Union leaders meeting at the Solidarity headquarters in Gdansk voted by an overwhelming 76-3 margin to bring the no-confidence vote, although they stopped short of deciding once and for all whether to call a general strike.
Solidarity members in the Warsaw district will today begin downing tools in sympathy with teachers and public sector workers, who earlier this month began striking over a pay claim. Some union representatives predicted that the strike could be nationwide within a week.
Yesterday's decision to force through a no-confidence motion in the Sejm (parliament) resulted from the collapse of talks between Solidarity and the government on Tuesday aimed at resolving the public sector dispute. With Hanna Suchocka, the Prime Minister, adamantly refusing to cave in to the pay demands, Solidarity officials decided to press ahead with their threat to try and bring her down.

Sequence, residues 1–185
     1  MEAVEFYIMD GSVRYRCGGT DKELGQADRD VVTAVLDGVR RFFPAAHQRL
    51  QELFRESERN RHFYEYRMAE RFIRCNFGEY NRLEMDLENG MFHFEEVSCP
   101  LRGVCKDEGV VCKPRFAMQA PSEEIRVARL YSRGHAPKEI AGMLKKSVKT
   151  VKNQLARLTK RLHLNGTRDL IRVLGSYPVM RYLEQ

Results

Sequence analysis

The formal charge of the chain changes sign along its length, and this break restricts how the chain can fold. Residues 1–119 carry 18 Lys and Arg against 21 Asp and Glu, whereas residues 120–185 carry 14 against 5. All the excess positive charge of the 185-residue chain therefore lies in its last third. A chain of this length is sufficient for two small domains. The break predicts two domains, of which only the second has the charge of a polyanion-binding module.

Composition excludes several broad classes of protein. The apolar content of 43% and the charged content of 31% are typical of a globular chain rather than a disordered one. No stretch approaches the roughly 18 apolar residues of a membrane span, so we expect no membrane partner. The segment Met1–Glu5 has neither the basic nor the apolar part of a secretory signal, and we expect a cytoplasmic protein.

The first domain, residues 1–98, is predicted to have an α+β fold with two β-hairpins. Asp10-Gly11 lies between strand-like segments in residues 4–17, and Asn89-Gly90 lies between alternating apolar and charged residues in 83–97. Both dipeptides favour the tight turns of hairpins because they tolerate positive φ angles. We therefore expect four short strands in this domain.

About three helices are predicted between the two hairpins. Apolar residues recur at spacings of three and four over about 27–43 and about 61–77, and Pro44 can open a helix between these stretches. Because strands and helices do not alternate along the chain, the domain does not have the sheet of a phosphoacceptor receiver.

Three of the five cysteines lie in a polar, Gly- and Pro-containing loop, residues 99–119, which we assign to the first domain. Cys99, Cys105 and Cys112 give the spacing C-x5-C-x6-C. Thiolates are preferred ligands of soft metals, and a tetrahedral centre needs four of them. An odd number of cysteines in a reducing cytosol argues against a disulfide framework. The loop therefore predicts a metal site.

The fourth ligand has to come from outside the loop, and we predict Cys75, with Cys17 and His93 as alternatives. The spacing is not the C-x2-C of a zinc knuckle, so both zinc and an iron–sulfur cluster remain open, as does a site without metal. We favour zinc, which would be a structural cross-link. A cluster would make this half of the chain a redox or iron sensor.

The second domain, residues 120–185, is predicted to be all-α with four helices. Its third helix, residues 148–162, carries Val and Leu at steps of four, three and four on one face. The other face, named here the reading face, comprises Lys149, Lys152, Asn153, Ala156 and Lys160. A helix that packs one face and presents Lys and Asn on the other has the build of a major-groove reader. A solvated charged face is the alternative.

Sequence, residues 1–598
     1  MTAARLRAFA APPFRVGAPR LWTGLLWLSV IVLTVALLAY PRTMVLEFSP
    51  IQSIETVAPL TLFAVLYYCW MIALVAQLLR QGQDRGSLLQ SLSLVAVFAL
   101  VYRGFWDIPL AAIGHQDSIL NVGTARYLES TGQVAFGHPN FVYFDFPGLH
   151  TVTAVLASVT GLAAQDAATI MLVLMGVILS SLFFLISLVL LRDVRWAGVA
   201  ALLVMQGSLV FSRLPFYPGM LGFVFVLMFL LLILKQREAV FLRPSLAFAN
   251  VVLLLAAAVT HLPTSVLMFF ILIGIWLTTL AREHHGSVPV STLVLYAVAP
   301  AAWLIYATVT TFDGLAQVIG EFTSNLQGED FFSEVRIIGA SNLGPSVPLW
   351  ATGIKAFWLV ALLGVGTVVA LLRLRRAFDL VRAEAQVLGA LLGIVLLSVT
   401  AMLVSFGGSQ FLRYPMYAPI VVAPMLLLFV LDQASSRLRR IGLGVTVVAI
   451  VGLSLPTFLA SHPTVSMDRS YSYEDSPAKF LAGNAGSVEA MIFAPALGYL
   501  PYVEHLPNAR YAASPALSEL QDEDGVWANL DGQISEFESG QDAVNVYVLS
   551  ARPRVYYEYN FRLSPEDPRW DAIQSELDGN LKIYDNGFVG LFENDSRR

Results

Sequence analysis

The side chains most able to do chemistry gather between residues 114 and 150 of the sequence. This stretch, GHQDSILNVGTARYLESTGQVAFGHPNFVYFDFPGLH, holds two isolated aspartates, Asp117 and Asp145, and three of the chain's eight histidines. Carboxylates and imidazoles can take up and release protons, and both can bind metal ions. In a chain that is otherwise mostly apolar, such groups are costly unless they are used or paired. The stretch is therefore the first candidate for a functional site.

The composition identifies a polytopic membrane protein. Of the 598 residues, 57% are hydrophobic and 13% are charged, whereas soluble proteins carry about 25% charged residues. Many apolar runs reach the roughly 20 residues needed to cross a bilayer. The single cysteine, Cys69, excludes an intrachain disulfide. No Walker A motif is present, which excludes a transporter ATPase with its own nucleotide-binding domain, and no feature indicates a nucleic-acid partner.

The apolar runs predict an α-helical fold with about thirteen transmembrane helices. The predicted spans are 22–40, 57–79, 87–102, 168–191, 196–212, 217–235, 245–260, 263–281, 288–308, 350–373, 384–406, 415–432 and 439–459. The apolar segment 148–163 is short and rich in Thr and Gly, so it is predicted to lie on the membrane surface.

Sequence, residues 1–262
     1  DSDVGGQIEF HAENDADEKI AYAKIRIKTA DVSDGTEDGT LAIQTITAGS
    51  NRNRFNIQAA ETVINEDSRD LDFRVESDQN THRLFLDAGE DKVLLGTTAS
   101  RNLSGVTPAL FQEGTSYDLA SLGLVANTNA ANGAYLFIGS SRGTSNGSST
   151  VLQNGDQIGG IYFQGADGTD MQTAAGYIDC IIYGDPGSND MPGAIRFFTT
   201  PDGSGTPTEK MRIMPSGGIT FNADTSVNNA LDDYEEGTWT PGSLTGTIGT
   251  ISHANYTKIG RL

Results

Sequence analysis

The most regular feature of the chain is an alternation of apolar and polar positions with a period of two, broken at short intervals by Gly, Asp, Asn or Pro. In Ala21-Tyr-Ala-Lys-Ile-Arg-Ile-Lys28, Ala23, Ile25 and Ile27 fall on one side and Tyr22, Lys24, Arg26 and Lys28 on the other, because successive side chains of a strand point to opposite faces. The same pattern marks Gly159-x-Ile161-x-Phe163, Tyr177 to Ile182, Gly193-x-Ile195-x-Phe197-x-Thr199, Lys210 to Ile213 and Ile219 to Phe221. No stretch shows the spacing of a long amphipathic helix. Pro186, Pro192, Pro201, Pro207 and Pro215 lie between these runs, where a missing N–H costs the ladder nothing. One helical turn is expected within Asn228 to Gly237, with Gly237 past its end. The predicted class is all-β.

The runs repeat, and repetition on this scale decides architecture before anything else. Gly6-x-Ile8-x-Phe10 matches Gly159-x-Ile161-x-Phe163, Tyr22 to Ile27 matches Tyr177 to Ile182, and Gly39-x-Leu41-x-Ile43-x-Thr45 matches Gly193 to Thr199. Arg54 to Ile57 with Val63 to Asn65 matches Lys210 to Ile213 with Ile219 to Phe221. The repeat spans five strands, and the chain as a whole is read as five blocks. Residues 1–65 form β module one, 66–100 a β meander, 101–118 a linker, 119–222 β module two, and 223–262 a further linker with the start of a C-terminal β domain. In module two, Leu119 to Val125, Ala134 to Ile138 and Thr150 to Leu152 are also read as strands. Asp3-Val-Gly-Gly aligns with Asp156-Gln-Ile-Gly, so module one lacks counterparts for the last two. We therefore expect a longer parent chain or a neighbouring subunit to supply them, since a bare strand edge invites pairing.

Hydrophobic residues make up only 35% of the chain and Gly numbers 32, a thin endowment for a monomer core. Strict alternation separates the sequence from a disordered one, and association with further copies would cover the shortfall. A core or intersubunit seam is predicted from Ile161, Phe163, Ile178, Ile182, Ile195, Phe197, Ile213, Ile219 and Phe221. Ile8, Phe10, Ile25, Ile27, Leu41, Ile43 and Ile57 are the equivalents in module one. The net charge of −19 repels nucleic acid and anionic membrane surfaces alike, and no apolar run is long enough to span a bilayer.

'We were very disappointed with the Prime Minister's tough approach,' said a member of Solidarity's national commission, Andrzej Adamczyk. 'The feeling is that any government would be more flexible than this one,' he added.
With only minority support in the Sejm, there is a very real prospect that Ms Suchocka's government, seen by many as a source of stability in Poland, could be brought down. If it were, there would be more than a tinge of irony: Solidarity itself was one of the key players responsible for propelling Ms Suchocka to power last July.
According to many union officials, the cooling towards Ms Suchocka reflects a more general process within Solidarity of distancing itself from its recent past as a mass movement, first of opposition and then of government. 'We want to go back to being a plain trade union fighting for the interests of ordinary working people,' said Bogdan Olszewski, a Solidarity leader.Reuse content